Designing with Emerging Science: Developing an Alternative Frame for Self-Tracking

Tom Jenkins, Laurens Boer, Sarah Homewood, Teresa Almeida, Anna Vallgårda

Publikation: Konference artikel i Proceeding eller bog/rapport kapitelKonferencebidrag i proceedingsForskningpeer review

Abstrakt

The emerging science of the “gut-brain axis” has been used as the basis for self-tracking technologies assuming that this connection can be used productively for better regulating mood, supporting digestive health, and avoiding disease. Taking this emerging science as a source of design inspiration, this paper presents a design research process to uncover opportunities for novel interaction design and generate alternative approaches to self-tracking. We explored how this emerging scientific knowledge might be experienced and used and what these design spaces might look like through designing a self-tracking probe and asking science communicators working with the gut-brain axis to live with that probe. Their reactions led to a set of exploratory interaction design briefs and a more refined research product that collectively articulate how design can engage with emerging science to inspire a new perspective on self-tracking practices—one of cultivation rather than control.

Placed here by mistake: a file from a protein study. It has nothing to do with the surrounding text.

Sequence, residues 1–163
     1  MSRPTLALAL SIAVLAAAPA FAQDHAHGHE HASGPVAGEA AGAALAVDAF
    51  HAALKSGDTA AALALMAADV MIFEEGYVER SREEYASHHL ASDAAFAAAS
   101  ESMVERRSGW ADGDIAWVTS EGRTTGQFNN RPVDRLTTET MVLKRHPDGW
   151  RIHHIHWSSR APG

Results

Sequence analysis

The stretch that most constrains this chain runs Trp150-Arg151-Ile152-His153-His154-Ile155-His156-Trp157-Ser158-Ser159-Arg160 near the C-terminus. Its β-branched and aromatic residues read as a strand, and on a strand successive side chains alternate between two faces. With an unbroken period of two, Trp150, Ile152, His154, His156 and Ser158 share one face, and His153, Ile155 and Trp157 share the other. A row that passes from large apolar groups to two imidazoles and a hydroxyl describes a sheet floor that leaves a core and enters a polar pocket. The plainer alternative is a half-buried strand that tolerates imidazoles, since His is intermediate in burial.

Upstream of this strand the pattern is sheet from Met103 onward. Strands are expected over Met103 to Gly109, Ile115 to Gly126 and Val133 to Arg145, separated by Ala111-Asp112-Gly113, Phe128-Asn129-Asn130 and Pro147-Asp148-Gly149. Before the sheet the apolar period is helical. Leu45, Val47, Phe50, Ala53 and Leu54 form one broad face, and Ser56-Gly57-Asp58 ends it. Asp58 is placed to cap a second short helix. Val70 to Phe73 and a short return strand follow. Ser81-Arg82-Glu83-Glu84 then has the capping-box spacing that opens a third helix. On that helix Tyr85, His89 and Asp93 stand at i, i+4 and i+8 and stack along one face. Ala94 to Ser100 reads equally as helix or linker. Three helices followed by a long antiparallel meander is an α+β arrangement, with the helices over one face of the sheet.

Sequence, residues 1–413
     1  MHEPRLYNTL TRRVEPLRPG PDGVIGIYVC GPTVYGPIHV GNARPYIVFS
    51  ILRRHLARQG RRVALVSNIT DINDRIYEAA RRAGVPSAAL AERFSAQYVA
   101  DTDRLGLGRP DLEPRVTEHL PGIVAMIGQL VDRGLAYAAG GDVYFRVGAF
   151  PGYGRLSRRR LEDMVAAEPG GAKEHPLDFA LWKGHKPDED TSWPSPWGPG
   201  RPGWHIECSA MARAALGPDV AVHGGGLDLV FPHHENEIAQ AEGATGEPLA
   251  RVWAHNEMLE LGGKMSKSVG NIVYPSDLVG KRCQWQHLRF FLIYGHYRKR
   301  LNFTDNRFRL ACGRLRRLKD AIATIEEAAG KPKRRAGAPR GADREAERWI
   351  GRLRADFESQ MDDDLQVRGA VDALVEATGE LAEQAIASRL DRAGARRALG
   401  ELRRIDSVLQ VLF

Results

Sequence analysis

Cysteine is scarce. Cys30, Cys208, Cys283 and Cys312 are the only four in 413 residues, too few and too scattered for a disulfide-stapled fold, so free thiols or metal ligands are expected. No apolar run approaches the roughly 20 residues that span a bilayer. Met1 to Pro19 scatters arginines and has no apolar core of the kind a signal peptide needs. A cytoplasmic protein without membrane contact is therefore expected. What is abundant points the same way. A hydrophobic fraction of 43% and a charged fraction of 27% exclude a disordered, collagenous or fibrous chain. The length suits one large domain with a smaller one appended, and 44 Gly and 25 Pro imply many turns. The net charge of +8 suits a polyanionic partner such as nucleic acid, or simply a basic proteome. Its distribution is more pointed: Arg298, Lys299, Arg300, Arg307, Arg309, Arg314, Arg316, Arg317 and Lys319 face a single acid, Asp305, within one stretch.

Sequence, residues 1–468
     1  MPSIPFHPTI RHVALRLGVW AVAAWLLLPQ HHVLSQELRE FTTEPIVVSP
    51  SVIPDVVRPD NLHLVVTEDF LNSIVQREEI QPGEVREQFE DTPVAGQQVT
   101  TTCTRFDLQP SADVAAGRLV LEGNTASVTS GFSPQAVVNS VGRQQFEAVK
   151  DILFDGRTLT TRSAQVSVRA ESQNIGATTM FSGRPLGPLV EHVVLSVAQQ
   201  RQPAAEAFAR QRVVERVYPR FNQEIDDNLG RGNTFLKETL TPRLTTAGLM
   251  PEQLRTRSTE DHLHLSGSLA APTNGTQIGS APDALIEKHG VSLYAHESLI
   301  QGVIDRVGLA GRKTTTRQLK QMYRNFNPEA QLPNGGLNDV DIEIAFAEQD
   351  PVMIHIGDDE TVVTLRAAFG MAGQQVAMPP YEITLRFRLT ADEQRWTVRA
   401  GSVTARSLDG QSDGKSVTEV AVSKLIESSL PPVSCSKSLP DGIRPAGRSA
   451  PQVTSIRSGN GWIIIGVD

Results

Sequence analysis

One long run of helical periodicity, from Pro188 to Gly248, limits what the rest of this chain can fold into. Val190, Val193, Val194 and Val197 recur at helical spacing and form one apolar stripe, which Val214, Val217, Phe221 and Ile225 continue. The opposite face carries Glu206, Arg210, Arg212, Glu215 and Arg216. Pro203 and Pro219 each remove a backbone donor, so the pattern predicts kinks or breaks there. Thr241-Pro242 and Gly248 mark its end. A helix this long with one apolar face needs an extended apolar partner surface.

OriginalsprogEngelsk
Titel32nd Australian Conference on Human-Computer Interaction
ForlagAssociation for Computing Machinery
Publikationsdato2 dec. 2020
DOI
StatusUdgivet - 2 dec. 2020

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